If Martin is to be elected as state representative of the 185th district, his plans revolve around three areas: prosperity, security, and progress. “I look at prosperity, security, and progress as a circle: you can’t have one without the other,” Martin expressed. “The first step toward change is allowing those who have been left behind into our collective share of prosperity. This means expanding home ownership opportunities, as these lead to generational wealth and stronger connections.”

Security encompasses the need to change and reform policing laws. For Martin, this includes mandating the presence of social workers in mental health crisis responses. “Walter Wallace was going through a mental health crisis and he was shot and killed multiple times by Philadelphia police officers,” Martin explained. “This should never have happened, period.” With regards to gun laws, Martin shared his concern that in the state of Pennsylvania it is easier to obtain a gun than it is to purchase a car. Xeyah Martin’s hope is to work collectively to build stronger communities safe from the fear of violence.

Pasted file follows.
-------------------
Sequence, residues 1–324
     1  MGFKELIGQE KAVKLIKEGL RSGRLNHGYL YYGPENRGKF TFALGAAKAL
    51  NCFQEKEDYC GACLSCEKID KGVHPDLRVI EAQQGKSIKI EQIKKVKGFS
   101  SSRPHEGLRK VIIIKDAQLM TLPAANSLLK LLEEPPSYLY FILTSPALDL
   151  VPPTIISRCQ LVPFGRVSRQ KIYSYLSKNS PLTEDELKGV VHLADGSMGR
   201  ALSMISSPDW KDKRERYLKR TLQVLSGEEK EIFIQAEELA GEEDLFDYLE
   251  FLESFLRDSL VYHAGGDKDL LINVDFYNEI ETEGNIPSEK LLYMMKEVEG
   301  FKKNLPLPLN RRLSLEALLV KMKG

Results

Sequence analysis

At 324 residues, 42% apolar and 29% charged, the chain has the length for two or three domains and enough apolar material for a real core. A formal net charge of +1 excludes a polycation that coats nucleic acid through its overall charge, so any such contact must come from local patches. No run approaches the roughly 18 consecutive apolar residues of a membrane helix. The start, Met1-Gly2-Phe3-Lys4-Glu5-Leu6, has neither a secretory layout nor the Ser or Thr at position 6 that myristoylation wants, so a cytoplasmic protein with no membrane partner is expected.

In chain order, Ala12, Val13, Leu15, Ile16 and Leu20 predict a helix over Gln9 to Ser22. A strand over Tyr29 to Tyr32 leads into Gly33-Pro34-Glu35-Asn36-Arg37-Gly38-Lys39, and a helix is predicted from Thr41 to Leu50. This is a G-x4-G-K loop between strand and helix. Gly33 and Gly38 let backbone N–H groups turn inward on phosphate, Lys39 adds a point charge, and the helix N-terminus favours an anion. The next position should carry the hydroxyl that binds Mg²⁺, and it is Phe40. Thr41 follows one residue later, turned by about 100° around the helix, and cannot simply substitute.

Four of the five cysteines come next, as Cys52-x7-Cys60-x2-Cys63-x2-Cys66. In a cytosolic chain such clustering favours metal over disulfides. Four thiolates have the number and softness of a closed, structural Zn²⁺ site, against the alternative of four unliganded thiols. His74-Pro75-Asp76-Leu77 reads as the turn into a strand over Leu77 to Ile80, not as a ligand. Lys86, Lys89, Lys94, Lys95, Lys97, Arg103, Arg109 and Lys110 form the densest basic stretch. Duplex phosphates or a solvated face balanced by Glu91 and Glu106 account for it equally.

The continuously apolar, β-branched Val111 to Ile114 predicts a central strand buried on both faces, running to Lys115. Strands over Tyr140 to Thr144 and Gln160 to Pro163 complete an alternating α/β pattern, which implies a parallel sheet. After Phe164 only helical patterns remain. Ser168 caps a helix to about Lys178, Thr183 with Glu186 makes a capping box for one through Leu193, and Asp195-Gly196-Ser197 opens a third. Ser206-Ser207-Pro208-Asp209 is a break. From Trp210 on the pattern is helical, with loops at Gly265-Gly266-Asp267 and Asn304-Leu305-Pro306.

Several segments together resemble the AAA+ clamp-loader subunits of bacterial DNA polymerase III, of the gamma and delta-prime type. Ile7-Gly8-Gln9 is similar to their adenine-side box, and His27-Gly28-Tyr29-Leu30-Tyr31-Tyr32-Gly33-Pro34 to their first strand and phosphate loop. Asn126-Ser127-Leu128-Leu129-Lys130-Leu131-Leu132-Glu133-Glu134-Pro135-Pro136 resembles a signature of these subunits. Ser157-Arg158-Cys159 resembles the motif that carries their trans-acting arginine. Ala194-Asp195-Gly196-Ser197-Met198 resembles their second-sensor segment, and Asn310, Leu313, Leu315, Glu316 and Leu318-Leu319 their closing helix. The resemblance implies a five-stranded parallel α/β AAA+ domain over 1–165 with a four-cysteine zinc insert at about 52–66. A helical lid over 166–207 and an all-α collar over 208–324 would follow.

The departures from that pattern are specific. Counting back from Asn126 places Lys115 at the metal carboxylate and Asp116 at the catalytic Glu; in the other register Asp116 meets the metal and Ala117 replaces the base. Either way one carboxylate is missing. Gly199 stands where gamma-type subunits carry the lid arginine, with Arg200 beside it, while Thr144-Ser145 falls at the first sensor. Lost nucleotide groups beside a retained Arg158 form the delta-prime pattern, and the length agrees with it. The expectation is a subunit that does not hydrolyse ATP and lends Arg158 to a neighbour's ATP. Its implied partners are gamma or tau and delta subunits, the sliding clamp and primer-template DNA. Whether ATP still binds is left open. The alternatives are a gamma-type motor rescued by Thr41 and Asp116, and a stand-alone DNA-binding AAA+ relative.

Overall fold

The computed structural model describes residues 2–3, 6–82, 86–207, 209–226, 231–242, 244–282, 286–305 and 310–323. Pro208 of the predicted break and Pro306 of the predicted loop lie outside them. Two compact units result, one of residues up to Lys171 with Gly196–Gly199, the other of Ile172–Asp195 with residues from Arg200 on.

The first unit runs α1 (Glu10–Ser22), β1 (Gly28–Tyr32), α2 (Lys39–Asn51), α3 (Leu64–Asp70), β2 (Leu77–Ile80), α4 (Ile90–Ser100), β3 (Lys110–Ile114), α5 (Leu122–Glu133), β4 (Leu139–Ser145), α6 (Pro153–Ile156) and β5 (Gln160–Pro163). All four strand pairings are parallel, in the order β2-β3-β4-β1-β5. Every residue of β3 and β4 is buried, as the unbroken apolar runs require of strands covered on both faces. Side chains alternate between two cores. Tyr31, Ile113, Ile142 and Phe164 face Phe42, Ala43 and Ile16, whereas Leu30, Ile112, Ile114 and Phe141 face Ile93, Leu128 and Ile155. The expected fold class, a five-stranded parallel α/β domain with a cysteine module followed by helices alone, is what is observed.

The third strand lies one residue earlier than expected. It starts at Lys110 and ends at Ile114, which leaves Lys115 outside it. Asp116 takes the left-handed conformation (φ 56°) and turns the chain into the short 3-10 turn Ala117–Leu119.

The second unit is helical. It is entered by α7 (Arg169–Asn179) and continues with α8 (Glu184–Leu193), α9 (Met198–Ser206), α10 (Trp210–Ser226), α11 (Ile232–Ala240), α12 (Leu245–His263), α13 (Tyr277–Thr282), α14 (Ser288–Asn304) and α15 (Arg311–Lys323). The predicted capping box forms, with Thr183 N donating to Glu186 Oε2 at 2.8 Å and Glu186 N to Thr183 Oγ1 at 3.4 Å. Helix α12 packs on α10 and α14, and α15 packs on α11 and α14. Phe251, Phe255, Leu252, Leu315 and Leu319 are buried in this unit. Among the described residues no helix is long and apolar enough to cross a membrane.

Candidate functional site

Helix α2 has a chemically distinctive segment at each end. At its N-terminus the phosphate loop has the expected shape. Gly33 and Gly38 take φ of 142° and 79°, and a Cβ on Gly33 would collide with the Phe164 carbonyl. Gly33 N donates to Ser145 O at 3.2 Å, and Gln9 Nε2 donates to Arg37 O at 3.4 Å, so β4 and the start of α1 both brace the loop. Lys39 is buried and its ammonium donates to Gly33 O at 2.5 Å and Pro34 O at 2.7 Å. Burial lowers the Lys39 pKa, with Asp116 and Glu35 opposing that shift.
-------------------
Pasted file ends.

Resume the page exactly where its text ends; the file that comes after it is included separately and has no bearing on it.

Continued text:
For Xeyah Martin, progress requires that we turn away from old ways of thinking and dare to dream a new dream. He sees an opportunity in the areas of marijuana, education and the minimum wage. “I want to legalize marijuana for two reasons: to help release non-violent weed-related offenders, and increase education spending,” Martin stated. By using the tax revenue from marijuana, Martin would funnel this profit into educational spending. Additionally, Martin hopes to increase minimum wage to ensure that resources are accessible. “People need to work, but they also have children. They can’t afford to pay for the $500 a week daycare living on minimum wage,” Martin explained.

Although only those living in the 185th district are able to vote for Martin, there are other ways to support his campaign. More information can be found using Martin’s instagram, Martin’s @xeyahtm, and his website can be reached at: https://xeyforpa.com/